Playing dinner music

Posted In: Performing

  • Participant
    Sylvia on #195800

    I sometimes record while I play to check up on myself because I have bad habits of speeding up, rushing the end of a phrase, etc.  I notice that I usually just sigue from one song to the next with glisses or arpeggios.  My rep is memorized, so there is no page turning, and my song list is on the floor where I can see it.

    To me, listening to the blanket of sound gets oppressive, and I feel relieved when the music makes a complete stop because it gives my ears a rest.  I don’t know if the audience feels the same way, or if they are busy eating and don’t notice.  I’m wondering if I should make more frequent stops.

    Then I started wondering what other harpists do.  Do you stop after each song or just connect to the next one?

     

     

    Participant
    Gretchen Cover on #195801

    I think it depends on the group you are playing for.  If this is background music for an event with a lot of talking and noise, I don’t think it matters. The harp is ambient noise. But, if you are playing in a quiet setting where people are actually listening, I think some silence is helpful. I like to group my pieces/songs in 3 that sound good together.  Then I take a pause and play another group of 3.

    Participant
    Sylvia on #195802

    That’s a good idea.  I’ll try that next time.  Thanks.

    Participant
    balfour-knight on #195842

    Sylvia and Gretchen, I have played “dinner music” for pay since I was eight years old, and have made a great deal of my living doing it, plus paying for my college education through a Master’s degree.  I enjoy playing it, in the background, and usually connect everything so that there is a constant stream of music flowing.  Occasionally I will bring a piece to a conclusion, and once in a while, people applaud.  One just has to “feel” the audience, and know when to play and when to have a bit of silence.  I also know that when Carol Lynn and I are out dining,  I hate to hear long pauses in background music while musicians are dealing with getting music in place or discussing what to play next–that drives me crazy!  I always play from memory or “by ear” too, with no hassle over finding printed music or worse, playing from an electronic gadget, ha, ha!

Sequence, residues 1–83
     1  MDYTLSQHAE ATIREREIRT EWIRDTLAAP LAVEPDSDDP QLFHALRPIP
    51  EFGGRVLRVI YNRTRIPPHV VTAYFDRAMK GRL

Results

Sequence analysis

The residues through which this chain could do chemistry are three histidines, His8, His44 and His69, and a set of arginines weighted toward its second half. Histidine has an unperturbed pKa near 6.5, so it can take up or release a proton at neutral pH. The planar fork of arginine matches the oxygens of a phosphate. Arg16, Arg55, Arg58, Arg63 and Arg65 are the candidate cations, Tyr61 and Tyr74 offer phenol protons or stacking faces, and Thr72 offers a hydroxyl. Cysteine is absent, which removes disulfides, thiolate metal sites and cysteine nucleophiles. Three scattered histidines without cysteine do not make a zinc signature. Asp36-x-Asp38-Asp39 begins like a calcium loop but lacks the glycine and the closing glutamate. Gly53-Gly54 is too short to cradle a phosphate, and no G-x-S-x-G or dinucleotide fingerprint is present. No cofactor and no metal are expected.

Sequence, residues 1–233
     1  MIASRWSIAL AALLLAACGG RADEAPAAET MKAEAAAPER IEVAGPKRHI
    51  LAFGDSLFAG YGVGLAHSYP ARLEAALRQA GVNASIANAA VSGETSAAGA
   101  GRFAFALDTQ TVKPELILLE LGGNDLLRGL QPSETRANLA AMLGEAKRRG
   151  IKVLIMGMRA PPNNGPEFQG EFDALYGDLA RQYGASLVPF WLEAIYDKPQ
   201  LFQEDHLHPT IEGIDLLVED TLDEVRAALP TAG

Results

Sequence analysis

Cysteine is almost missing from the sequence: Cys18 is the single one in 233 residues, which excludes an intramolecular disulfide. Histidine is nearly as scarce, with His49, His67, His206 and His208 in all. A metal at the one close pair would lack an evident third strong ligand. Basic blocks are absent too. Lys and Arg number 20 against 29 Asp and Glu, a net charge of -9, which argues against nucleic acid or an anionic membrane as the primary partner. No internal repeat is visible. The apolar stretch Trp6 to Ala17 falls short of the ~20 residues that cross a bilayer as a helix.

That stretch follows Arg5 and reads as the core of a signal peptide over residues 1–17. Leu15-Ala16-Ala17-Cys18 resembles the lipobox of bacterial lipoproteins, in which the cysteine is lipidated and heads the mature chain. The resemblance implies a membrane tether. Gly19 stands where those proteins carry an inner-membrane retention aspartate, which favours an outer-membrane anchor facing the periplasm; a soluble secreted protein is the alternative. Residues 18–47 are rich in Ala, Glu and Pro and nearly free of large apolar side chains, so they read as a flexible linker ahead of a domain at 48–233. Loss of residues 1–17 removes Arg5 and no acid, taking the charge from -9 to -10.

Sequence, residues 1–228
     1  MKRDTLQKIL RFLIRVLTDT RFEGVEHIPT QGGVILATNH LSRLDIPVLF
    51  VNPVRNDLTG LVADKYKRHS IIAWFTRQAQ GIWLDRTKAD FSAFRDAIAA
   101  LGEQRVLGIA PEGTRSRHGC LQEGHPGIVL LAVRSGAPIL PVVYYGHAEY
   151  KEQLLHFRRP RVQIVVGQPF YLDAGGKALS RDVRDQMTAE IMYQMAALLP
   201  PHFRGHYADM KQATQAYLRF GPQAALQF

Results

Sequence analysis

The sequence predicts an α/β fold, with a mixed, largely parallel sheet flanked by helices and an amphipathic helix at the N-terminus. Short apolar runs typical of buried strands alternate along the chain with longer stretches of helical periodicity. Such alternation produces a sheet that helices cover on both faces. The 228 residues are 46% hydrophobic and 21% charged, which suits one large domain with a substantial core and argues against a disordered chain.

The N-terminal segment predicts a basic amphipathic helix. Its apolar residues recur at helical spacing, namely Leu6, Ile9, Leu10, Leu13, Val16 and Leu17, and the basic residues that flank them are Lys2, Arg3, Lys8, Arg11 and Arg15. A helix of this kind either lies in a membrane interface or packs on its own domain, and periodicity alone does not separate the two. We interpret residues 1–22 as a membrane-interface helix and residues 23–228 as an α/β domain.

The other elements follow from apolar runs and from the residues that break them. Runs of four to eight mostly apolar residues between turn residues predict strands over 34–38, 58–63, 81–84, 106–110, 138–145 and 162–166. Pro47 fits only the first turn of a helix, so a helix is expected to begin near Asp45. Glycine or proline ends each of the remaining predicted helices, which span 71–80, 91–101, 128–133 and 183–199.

Have a great weekend!

    Balfour

    Participant
    Sylvia on #195843

    Oh, good.  Glad to hear that.  I thought maybe I was doing an overkill, but Muzak just keeps going, and that’s pretty much what we are in background music.  I don’t really feel the audience.  I have to get into the zone and just listen for the music come out…not be distracted by what’s around me.

    Participant
    Jerusha Amado on #195989

    Hi Sylvia and all,

    I play a regular two hour Sunday brunch (lever harp, a variety of genres).  I tend to group songs together by key/mood created, so there’s quite a bit of flow, but I do have to stop if I’m playing a difficult jazz piece in order to set levers beforehand.  I’ve noticed that when I do this, folks in the audience start to applaud.  They may be seeing this as an opportunity to express their appreciation of the music they’ve heard up to that point.  I agree with Balfour and you that a pretty constant stream of music is desired, but a few very short breaks can be a good thing as well!

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